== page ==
c. 1600, "resembling a mitre, of or pertaining to a mitre," from French mitral, from Modern Latin mitralis, from Latin mitra (see mitre). The mitral valve of the heart is so called from 1705, from Modern Latin mitrales valvulae.
1560s, "quinsy," from choke (v.). Meaning "action of choking" is from 1839. Meaning "valve which controls air to a carburetor" first recorded 1926; earlier it meant "constriction in the bore of a gun" (1875).
in various mechanical senses, such as "turn-valve of a faucet" (early 15c.), of uncertain connection with cock (n.1). Perhaps all are based on real or fancied resemblances not now obvious; German has hahn "cock" in many of the same senses.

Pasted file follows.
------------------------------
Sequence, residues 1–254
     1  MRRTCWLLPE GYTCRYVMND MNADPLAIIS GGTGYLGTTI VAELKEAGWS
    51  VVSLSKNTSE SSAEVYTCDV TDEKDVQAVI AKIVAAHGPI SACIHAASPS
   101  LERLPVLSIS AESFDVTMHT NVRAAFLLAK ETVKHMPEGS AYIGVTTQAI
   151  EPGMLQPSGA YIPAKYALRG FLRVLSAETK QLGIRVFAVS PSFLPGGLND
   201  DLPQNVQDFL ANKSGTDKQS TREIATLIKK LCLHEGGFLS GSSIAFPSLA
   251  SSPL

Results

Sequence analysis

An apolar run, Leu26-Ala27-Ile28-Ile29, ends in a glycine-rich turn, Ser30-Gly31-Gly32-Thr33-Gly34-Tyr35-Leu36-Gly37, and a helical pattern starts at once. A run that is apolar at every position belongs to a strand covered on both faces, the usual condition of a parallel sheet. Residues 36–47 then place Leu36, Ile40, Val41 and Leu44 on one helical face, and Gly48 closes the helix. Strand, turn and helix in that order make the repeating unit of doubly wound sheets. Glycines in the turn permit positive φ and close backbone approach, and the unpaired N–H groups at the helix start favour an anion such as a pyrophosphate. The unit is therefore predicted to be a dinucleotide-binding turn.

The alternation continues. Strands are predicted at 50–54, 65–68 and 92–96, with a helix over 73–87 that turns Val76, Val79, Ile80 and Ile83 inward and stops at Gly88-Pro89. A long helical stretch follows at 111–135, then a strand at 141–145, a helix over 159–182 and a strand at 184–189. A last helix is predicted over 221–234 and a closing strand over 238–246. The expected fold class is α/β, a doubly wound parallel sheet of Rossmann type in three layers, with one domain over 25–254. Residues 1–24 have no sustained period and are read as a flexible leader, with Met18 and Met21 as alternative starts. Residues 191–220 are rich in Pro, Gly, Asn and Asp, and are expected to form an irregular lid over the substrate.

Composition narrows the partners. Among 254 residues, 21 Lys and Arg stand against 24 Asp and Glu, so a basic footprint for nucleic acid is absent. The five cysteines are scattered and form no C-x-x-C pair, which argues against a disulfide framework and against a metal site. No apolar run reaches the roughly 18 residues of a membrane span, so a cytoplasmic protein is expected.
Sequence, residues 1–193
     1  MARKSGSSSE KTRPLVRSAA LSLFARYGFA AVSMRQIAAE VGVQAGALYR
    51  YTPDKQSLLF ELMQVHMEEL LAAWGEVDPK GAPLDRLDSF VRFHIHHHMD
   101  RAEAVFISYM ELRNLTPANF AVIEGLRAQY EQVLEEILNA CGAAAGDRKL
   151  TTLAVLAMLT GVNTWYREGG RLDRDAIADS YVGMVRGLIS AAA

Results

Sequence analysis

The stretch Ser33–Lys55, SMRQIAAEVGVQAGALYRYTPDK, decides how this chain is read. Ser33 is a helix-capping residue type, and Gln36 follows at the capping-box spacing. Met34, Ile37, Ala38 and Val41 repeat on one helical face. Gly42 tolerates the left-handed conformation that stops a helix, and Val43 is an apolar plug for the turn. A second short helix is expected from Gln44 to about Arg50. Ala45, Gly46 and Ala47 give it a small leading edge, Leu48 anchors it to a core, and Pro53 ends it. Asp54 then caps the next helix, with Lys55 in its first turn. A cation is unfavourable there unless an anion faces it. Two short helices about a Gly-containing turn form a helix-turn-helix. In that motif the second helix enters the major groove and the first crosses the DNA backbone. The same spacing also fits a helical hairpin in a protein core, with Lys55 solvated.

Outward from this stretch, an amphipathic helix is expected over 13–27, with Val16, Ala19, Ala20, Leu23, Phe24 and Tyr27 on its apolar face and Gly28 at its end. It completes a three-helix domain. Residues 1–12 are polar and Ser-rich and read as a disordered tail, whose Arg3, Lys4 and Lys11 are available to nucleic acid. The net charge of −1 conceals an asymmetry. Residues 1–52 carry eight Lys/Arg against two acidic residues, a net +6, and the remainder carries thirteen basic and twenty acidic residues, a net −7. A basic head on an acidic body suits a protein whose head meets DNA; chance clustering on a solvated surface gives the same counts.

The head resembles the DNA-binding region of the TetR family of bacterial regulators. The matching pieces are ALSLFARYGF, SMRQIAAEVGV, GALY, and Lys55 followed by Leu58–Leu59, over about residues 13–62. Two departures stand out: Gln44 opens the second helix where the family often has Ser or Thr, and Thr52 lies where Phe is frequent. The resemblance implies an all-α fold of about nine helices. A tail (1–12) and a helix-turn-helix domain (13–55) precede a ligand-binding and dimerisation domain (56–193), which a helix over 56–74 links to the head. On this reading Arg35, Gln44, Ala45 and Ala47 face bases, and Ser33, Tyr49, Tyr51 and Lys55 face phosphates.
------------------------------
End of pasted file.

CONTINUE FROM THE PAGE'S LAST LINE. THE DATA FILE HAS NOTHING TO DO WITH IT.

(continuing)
The cock of a firearm, which when released by the action of the trigger discharges the piece, is from 1560s. Hence "position into which the hammer is brought by being pulled back to the catch" (1745). For half-cocked, see cock (v.).